How to Keep Your Twitter Secure

How to Keep Your Twitter Secure

By camilaforero

Twitter recently announced that there is now a new policy that will remove two-factor authentication (2FA), which involves text messages from any account that doesn’t pay for it. This means that the platform will only allow accounts that subscribe to its premium Twitter Blue feature to use text-based 2FA. a different type of two-factor authentication will have the feature removed from their accounts by March 20 of this year.

How does it work?

This new policy is supposed to make it so that any user who trusts Twitter to send a text message code to their phone to log in will have their 2FA disabled, thus making it possible for anyone to access their accounts with just a password only without the need for two-factor authentication.

What users can do?

In this case, if a user has a Twitter password that is easy to guess or if they also use the same password that they use to log in to Twitter on another site or service, they should take action as soon as possible to avoid any misunderstanding.

“Committed to keeping people safe and secure on Twitter,” is what Twitter advertises, however this is not entirely true as you are looking at one of the least secure security decisions ever made by a company in real time.

Why are they taking this decision?

Twitter most likely made the decision to remove SMS 2FA outside to save the company money, as texting isn’t cheap and ever since the $44 billion acquisition of Elon Musk, Twitter has been losing cash. and employees.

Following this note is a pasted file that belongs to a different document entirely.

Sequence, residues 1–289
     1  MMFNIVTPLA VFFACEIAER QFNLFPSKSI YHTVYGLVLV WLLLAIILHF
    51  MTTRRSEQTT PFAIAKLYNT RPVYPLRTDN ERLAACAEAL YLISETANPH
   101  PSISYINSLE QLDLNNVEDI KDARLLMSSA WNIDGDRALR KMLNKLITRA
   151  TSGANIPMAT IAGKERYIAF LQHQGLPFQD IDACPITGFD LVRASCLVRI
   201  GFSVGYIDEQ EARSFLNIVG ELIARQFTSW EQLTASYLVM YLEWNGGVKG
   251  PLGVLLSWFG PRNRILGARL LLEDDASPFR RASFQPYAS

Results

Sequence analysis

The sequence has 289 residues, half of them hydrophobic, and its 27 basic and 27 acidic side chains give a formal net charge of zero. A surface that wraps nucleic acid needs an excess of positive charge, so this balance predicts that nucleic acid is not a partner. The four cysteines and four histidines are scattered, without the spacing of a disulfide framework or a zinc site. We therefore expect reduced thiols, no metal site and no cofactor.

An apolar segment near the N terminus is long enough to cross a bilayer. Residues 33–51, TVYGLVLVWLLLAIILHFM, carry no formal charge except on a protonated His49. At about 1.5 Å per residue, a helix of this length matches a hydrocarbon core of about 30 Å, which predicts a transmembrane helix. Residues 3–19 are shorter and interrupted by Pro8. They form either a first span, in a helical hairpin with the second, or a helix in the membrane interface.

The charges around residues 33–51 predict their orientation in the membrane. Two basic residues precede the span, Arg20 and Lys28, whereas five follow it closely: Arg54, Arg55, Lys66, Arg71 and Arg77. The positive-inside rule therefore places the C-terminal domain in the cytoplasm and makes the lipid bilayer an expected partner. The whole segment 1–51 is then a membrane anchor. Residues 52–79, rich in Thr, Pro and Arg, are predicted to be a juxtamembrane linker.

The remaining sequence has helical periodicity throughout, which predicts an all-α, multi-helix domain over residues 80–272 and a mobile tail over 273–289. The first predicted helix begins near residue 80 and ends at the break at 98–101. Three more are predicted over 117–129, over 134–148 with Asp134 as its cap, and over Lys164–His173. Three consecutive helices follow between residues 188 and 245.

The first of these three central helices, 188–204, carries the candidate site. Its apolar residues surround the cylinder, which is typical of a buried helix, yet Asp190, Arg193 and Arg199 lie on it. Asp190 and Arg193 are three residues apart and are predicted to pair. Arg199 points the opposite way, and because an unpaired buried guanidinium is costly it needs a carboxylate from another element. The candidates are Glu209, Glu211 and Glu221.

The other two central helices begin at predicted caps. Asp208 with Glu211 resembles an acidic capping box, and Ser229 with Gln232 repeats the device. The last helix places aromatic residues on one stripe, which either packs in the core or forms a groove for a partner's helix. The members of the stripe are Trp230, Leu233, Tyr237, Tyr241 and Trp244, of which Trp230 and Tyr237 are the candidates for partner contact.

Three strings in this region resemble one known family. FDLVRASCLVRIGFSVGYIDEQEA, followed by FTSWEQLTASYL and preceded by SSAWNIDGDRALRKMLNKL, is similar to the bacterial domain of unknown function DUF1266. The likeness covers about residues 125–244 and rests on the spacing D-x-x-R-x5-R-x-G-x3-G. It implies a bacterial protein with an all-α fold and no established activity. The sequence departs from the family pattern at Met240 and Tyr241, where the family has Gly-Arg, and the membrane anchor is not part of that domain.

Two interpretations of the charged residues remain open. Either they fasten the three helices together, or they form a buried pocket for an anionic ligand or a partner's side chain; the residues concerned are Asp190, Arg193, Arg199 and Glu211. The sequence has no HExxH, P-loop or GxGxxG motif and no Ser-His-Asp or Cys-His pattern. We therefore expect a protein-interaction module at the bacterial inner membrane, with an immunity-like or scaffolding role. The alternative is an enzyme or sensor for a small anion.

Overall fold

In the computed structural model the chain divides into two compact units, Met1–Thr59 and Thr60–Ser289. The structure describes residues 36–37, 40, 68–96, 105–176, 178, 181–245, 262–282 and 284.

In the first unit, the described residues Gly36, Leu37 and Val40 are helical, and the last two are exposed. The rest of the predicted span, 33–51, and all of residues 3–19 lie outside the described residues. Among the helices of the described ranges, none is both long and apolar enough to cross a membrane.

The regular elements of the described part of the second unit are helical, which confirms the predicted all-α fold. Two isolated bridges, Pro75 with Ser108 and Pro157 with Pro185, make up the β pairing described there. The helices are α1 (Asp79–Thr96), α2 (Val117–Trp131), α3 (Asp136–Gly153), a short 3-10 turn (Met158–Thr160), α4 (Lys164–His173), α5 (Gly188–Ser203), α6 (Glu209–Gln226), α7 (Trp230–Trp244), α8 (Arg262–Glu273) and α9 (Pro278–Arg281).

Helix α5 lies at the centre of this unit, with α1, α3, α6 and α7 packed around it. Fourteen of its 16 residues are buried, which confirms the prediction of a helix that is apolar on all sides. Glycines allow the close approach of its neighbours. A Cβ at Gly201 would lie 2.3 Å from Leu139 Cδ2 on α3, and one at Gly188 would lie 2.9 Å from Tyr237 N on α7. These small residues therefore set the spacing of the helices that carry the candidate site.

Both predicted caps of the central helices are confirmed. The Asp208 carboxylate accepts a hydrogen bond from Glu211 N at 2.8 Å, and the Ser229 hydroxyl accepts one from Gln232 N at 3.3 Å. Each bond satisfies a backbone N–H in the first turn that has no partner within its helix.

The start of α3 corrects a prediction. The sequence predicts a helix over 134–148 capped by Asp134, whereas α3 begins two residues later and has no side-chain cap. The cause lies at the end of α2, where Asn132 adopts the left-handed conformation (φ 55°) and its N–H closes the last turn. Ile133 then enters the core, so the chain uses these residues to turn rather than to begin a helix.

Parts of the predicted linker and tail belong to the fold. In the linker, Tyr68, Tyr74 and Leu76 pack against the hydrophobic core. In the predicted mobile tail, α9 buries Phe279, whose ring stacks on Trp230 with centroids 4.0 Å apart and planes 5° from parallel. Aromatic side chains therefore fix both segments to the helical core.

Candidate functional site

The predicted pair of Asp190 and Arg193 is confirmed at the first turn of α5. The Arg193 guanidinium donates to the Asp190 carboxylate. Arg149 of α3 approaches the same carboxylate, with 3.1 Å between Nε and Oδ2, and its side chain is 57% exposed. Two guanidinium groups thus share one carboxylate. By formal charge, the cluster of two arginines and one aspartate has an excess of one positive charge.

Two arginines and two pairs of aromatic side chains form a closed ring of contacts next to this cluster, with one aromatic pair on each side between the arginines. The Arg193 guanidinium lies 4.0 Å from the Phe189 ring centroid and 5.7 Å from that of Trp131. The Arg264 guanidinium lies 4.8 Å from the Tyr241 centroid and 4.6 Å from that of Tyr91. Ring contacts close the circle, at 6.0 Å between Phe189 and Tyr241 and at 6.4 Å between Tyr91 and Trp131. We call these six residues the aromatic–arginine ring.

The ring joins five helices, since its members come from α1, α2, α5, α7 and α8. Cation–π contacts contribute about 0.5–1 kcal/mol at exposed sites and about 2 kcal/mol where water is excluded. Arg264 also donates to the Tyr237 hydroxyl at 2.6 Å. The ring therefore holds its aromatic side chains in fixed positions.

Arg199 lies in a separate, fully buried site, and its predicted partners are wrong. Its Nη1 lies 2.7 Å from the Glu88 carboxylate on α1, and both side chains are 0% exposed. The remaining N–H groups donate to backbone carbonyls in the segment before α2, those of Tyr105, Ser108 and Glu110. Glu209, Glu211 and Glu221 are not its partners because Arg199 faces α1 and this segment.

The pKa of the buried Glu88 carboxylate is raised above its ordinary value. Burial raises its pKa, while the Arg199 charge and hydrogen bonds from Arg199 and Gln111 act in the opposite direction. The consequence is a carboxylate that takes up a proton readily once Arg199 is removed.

Twitter reasons:

The platform justified the decision in its blog post, saying that bad guys can abuse SMS 2FA, which could be due to SIM swapping attacks, where a hacker convinces your mobile provider to assign the number of a victim’s phone to a device controlled by the hacker and where he enters all the user’s information.

When the hacker is in control of a user’s phone number, the hacker can impersonate the victim, thus being able to receive text message codes that can allow them to access the victim’s online accounts.

However, making 2FA SMS available only to Twitter Blue subscribers does not make it more secure as this can also happen to a paying user.

Twitter isn’t scrapping 2FA altogether

In fact, Twitter still maintains 2FA, and users can still use it without paying, just you can’t have 2FA via text, but users can still start taking steps to protect their accounts. with app-based 2FA, which is much more secure and as fast as receiving a text.

How does it work?

It’s quite simple, only the user can generate a code through an authenticator app on their phone, such as Duo, Authy or Google Authenticator, so they don’t need to send a code to their phone via text message. This form of 2FA is much more secure as the code never leaves your device and the user can use it whenever they need to.

The first thing the user must do is have their authentication application installed on their phone, then they only have to enter the Twitter account, then go to Settings and privacy, then Security and account access, then Security. When in two-factor authentication settings, the user must select the authenticator app. Most likely, the user will need to enter their password, and once you are done with the process, the user will be able to log in with their password, so they can then receive a code generated from your authenticator app.

In case the user loses their phone, they can find the backup codes in the same place where they set up their app-based 2FA. So it’s important to keep track of your backup codes, which allow you to gain access to your account if you’re locked out, safely stored in your password manager.

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